PMCID: PMC3813513  PMID: 24205216
17.  OptiVol fluid index predicts acute decompensation of heart failure with a high rate of unexplained events 
Intrathoracic impedance monitoring has emerged as a promising new technique for the detection of impending heart failure (HF). Although false positive episodes have been reported in case reports and clinical trials, the efficacy and false positive rate in real-world practice remain unclear.
The aim of this study is to investigate the utility and reliability of the OptiVol alert feature in clinical practice.
We continuously recruited patients who underwent implantable cardioverter-defibrillator (ICD) or cardiac resynchronization therapy with defibrillator (CRT-D) implantation with feature of intrathoracic impedance monitoring system in our center from Sep. 2010 to Oct. 2012. Regular in-office follow-up were required of all patients and the following information was collected at each visit: medical history, device interrogation, N-terminal pro-brain natriuretic peptide (NT-proBNP) measurement and an echocardiogram. Worsening HF was defined as hospitalization or the presentation of signs or symptoms of HF.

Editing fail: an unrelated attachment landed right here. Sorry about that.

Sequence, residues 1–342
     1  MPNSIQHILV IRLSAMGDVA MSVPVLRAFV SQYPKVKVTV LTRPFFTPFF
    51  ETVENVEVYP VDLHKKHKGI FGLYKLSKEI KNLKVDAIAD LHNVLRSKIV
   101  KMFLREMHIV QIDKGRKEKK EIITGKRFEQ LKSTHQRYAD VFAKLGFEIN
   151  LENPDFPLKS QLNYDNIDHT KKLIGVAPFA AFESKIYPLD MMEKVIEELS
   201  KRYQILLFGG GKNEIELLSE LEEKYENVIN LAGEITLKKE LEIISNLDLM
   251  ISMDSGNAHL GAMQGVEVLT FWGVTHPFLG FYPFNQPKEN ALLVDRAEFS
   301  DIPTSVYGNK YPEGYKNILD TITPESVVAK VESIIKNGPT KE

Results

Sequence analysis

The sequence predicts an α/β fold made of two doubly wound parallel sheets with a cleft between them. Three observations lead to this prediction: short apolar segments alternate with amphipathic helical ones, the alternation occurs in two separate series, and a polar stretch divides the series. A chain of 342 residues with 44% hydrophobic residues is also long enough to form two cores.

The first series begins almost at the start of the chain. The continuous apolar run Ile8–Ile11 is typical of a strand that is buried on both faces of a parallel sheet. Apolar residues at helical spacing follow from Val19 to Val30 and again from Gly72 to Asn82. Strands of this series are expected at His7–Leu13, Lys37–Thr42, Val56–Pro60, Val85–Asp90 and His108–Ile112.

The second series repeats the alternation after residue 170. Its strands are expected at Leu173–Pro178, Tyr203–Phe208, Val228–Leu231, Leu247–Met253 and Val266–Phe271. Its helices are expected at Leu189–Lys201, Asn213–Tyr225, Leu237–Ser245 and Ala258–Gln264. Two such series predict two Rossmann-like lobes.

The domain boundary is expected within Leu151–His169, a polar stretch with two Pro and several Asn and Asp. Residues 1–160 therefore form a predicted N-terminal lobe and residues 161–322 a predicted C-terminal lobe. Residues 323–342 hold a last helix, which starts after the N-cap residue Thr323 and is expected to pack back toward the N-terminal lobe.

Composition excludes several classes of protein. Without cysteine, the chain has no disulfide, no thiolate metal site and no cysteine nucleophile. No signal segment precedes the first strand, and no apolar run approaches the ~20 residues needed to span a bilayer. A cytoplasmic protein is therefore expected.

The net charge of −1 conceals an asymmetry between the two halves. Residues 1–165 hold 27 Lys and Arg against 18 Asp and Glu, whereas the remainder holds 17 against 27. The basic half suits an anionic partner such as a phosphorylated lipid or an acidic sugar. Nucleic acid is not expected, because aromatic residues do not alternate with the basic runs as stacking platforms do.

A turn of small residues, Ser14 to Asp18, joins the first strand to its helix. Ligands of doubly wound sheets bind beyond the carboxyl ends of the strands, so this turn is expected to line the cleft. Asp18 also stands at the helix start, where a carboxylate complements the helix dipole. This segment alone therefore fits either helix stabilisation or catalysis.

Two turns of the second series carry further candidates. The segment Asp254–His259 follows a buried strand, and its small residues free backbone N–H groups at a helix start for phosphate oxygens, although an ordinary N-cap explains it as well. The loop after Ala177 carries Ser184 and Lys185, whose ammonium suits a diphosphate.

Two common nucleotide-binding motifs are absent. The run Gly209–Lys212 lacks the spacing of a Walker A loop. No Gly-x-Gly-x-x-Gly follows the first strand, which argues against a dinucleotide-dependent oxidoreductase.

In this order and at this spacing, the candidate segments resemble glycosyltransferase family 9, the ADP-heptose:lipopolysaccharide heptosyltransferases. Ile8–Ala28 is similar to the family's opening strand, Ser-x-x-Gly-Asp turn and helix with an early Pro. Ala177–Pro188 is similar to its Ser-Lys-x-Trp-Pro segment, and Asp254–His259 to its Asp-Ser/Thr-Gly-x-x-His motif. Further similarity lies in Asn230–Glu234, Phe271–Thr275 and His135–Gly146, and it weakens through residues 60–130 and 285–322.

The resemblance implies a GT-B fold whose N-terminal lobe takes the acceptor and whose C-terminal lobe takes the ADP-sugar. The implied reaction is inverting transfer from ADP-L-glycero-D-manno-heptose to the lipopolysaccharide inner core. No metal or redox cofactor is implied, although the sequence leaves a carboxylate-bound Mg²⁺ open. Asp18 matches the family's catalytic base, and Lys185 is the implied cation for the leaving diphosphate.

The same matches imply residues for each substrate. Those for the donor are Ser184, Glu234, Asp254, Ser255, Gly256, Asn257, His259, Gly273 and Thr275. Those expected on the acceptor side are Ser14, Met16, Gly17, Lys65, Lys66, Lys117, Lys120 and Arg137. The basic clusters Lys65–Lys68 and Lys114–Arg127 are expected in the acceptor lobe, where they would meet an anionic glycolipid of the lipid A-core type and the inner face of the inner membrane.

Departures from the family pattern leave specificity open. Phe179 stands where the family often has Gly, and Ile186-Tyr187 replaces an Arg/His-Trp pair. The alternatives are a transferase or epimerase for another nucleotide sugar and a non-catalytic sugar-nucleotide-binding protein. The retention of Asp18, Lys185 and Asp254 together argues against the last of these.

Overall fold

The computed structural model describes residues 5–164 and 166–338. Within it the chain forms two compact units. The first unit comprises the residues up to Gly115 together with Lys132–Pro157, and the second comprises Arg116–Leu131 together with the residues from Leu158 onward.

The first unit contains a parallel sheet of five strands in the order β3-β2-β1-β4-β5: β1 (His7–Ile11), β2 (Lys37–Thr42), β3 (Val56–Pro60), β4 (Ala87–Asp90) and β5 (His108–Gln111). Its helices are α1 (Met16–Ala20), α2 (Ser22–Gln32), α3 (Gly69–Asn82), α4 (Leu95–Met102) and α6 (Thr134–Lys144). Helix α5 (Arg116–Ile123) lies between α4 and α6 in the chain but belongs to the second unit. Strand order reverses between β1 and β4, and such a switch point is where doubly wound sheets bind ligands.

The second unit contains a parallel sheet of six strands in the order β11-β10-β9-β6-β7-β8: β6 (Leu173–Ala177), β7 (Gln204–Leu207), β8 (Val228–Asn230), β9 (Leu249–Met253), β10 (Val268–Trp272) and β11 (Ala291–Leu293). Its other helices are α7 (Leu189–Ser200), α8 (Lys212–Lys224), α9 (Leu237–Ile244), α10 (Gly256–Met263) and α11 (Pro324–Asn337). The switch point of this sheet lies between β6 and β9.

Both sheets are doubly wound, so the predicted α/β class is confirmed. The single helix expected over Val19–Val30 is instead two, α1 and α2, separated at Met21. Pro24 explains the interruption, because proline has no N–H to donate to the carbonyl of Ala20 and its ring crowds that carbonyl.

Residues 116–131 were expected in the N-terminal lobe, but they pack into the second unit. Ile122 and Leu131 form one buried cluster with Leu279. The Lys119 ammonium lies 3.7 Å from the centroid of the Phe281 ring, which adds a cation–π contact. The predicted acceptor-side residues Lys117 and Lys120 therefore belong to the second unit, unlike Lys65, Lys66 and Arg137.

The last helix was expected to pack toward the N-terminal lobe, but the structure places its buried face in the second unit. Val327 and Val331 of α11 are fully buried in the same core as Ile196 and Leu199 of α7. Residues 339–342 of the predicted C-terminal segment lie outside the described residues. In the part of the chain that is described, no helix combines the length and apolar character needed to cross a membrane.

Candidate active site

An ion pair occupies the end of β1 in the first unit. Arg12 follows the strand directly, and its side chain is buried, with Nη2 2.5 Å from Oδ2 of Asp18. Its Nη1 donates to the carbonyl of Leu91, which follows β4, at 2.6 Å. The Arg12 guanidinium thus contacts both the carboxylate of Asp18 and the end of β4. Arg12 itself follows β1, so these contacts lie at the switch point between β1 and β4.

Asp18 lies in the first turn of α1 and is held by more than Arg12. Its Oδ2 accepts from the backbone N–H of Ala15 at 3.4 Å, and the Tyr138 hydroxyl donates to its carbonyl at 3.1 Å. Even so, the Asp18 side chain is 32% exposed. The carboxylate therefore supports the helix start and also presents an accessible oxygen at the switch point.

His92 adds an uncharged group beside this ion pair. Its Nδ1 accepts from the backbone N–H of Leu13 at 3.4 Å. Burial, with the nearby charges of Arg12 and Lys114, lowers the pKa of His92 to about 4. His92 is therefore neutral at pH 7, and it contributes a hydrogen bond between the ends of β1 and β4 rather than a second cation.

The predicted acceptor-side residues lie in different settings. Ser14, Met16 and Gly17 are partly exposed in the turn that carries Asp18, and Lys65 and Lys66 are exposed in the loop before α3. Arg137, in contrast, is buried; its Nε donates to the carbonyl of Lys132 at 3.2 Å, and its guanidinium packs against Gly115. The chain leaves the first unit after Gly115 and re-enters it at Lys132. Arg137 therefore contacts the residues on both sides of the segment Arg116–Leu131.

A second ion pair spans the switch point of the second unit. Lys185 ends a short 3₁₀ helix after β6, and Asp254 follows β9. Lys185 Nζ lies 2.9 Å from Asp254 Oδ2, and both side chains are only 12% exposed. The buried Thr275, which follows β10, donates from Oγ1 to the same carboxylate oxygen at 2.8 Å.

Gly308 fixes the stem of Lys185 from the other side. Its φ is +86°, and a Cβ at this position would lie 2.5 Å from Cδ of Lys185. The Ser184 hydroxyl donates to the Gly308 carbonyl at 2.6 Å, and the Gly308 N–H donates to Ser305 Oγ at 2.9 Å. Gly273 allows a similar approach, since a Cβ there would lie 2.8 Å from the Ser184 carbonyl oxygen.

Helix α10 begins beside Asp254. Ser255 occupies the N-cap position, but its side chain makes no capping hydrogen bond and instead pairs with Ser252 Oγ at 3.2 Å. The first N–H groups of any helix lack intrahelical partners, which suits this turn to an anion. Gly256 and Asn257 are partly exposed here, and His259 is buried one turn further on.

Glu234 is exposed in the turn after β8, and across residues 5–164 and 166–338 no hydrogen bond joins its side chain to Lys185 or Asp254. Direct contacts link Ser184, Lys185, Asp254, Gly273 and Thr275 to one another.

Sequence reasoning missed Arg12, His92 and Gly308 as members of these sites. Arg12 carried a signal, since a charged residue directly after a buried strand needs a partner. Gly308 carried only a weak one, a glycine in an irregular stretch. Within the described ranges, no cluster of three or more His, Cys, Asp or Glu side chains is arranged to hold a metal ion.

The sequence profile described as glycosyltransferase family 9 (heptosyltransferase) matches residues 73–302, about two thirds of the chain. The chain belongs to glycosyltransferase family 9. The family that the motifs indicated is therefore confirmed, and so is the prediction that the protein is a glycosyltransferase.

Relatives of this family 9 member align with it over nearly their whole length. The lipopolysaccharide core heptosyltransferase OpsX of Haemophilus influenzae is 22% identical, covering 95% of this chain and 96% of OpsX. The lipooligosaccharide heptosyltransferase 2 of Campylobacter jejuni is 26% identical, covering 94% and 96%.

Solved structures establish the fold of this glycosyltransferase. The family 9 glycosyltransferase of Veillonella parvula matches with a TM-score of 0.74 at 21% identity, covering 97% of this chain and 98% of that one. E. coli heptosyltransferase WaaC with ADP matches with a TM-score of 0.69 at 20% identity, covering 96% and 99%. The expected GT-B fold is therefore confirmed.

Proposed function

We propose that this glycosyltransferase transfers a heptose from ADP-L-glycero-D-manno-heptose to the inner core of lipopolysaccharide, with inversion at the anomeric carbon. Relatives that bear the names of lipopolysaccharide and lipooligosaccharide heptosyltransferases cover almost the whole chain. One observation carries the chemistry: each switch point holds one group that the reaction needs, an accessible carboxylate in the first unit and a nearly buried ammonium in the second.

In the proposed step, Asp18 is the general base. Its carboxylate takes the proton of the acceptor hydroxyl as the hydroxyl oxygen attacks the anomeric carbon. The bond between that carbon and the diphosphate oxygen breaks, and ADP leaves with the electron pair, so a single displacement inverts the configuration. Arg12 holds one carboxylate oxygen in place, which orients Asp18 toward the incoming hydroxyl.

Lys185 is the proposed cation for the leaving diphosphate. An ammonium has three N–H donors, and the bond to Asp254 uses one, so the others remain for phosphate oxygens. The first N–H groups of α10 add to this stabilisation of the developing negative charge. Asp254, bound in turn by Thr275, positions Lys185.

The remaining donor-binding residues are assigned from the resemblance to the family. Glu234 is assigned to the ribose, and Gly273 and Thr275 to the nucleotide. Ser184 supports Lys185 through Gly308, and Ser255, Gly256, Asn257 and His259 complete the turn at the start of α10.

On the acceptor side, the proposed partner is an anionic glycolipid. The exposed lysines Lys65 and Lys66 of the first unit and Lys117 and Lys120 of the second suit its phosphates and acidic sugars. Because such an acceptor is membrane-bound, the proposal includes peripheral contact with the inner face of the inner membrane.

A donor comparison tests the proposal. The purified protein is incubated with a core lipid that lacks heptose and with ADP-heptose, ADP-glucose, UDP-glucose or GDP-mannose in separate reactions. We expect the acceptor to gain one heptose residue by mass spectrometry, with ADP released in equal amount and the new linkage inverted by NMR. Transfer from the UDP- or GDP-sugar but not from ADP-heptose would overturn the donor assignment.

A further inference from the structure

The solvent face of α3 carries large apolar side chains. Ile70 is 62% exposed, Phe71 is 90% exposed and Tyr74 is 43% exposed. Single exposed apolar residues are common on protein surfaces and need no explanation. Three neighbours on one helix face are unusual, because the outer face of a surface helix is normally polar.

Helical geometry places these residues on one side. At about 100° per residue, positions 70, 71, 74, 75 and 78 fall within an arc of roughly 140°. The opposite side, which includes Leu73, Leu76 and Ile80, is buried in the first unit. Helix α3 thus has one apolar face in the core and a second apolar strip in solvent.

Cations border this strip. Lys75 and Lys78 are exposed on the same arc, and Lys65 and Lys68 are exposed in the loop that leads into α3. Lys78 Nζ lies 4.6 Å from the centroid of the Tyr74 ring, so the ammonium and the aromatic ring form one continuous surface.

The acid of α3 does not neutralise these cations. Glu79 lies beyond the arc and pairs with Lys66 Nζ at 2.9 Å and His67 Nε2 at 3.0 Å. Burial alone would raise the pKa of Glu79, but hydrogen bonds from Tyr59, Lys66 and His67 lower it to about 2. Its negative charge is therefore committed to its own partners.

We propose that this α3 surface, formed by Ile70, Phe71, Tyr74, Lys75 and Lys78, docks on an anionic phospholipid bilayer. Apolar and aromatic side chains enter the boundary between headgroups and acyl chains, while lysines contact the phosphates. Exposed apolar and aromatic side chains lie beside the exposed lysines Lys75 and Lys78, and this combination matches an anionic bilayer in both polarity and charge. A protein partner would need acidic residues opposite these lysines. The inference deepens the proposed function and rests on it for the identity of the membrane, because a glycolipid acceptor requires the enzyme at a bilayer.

Forty three patients (male: 76.7%, mean age: 57 ± 15 years, left ventricular ejection fraction (LVEF): 33% ± 14%) were included in this observational study. Fifty four alert events and 14 adjudicated worsening HF were detected within 288 ±163 days follow-up. Eleven (20.4%) alert episodes were associated with acute cardiac decompensation in 9 patients with a positive predictive value of 78.6%. Forty three audible alerts showed no connection to worsening HF. The unexplained alerts rate was 79.6% and 1.27 per person-year. Thirty seven alarm alerts were detected in patients with EF < 45%, among which 9 accompanied with HF, 17 alerts detected in patients with LVEF ≥ 45% and 2 associated with HF. There was no significant difference between the two groups (9/37 vs. 2/17; P = 0.47).
Patients with normal or nearly normal left ventricular systolic function also exhibited considerable alert events. The OptiVol fluid index predicted worsening cardiac events with a high unexplained detection rate, and any alert must therefore be analyzed with great caution. Efforts to improve the specificity of this monitoring system represent a significant aspect of future studies.
PMCID: PMC3796699  PMID: 24133513
Heart failure; Intrathoracic impedance measurement; OptiVol fluid index; Left ventricular ejection fraction
18.  Huang Qi Jian Zhong Pellet Attenuates TNBS-Induced Colitis in Rats via Mechanisms Involving Improvement of Energy Metabolism